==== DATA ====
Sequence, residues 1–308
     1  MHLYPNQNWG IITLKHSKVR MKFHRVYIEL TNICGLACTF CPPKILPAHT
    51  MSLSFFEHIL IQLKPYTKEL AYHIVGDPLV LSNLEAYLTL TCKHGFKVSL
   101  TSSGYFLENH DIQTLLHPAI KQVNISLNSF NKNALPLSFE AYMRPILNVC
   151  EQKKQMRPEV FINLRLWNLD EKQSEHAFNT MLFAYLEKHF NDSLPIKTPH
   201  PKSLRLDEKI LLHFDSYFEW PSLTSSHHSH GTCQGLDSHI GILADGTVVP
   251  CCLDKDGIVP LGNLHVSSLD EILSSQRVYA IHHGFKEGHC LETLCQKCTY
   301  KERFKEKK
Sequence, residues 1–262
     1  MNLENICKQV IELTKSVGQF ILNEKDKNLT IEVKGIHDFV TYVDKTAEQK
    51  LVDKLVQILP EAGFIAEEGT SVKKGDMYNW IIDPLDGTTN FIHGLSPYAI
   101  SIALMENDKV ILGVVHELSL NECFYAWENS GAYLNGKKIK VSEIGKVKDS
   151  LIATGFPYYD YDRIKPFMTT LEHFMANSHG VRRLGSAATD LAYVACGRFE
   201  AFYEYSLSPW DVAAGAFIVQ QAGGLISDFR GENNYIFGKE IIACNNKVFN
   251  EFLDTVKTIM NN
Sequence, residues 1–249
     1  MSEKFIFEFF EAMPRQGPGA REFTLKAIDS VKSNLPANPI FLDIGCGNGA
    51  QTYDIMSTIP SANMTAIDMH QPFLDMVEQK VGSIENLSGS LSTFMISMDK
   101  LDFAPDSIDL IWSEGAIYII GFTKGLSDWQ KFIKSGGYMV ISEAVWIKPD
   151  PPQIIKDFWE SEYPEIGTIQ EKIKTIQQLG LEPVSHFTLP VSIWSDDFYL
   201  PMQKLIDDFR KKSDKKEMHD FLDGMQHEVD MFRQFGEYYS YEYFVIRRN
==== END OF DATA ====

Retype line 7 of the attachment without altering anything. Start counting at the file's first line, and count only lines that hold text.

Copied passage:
   251  CCLDKDGIVP LGNLHVSSLD EILSSQRVYA IHHGFKEGHC LETLCQKCTY